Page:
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SOTU from POTUS: Banking and finance played a lead role in President Obama's State of the Union address on Tuesday night. For one, Obama vowed to keep Dodd-Frank intact, saying the law's rules and the creation of the Consumer Financial Protection Bureau are protecting American consumers. However, Obama avoided direct bashing of banks, declining to take up the same rhetoric as Sen. Elizabeth Warren, D-Mass. An example of Obama's speech that touched on banks shows he could have taken a far tougher approach: "We have new tools to stop taxpayer-funded bailouts and a new consumer watchdog to protect us from predatory lending and abusive credit card practices." Still, Obama again talked of a new fee levied on the biggest banks, calculated based on their levels of risk, which has been called a "financial crisis responsibility fee." The fee would probably be directed at not only banks, but also other financial institutions. Obama didn't discuss the tax in any detail. Most media outlets noted that, with a Republican-led Congress, Obama's proposals stand little chance of passage.
Cash in Their Pockets: With tax season underway, Walmart has declared war on a new front with banks: handing out tax refunds in cash for little or no fees. It's the retailing giant's latest move into financial services. Walmart's product, called Direct2Cash, is being developed in partnership with Republic Bank & Trust, a Louisville, Ky., bank that once offered tax refund-anticipation loans before running afoul of regulators, and Tax Products Group. The Direct2Cash product will be available in about 3,000 of its stores. Customers will be able to get their refund in about a week, the same time it would take if for a direct deposit refund on an electronically filed return, the Times reported. The service is aimed, as are most of Walmart's financial-services products, at underbanked consumers who likely don't have a bank account. A customer will be able to pick up a maximum of $7,500 cash refund. The service is available through select tax-preparation companies (Walmart hasn't released the list of those firms yet) and is not available to people who file their taxes electronically.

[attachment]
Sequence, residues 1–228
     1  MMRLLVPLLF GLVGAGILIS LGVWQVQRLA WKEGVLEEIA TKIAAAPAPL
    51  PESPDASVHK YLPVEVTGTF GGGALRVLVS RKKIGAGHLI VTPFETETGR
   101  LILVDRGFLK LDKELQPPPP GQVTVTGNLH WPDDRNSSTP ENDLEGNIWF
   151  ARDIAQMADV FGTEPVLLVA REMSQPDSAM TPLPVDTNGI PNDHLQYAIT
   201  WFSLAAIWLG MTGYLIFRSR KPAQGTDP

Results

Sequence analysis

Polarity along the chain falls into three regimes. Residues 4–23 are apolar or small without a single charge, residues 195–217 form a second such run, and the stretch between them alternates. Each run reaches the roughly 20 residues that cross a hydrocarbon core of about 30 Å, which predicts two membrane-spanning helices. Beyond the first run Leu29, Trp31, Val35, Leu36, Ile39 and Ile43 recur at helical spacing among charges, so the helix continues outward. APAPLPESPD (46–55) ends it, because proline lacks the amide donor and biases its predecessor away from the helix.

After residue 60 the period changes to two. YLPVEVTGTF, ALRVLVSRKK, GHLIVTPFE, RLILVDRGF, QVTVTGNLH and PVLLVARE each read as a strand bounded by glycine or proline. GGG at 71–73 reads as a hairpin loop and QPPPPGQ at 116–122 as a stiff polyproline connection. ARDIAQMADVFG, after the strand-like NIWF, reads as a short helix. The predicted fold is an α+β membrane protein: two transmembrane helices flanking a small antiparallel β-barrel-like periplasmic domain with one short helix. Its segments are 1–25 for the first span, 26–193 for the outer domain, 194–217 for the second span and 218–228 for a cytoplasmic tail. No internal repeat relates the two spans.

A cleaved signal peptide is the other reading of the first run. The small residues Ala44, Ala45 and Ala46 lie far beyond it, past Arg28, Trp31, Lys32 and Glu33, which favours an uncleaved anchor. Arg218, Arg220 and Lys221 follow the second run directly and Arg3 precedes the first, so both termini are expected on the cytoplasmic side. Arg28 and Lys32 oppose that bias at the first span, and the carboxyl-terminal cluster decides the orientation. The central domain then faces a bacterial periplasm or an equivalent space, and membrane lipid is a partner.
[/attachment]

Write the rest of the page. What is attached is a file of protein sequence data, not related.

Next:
Wall Street Journal
The Supreme Court will take up the issue of disparate impact on Wednesday, a subject with wide-ranging effects for mortgage lenders. Countrywide (now part of Bank of America), SunTrust and Wells Fargo are among the banks that reached financial settlements with the Justice Department after they were accused of charging higher rates to minority borrowers. But the state of Texas wants to roll back Fair Housing Act requirements and continue to give subsidies to developers that build housing in low-income, mostly African American areas, without the fear of discrimination lawsuits. Housing advocates want the law to continue to be enforced, saying the developers who build in these areas and who receive subsidies should be held accountable by being forced to build subsidized housing in higher-income areas as well.
The "Heard on the Street" column looks at why American Express is viewed as a premium credit card, but shares of American Express don't trade at a premium compared to rivals.
New York Times
The Times convenes a group of six industry experts and players to weigh in on the topic of payday loans. Commentators like Gary Kalman of the Center for Responsible Lending and Valerie Wilson of the Economic Policy Institute say predatory interest rates should be banned, while Jamie Fulmer of the lender Advance America, says banks and nonbanks should be allowed to compete by the same rules, and thus on a level playing field. Former CFPB deputy director Raj Date carves out a middle ground, of sorts, saying an improved regulatory scheme could allow consumers to continue to access short-term credit, but without the punishing interest rates and fees.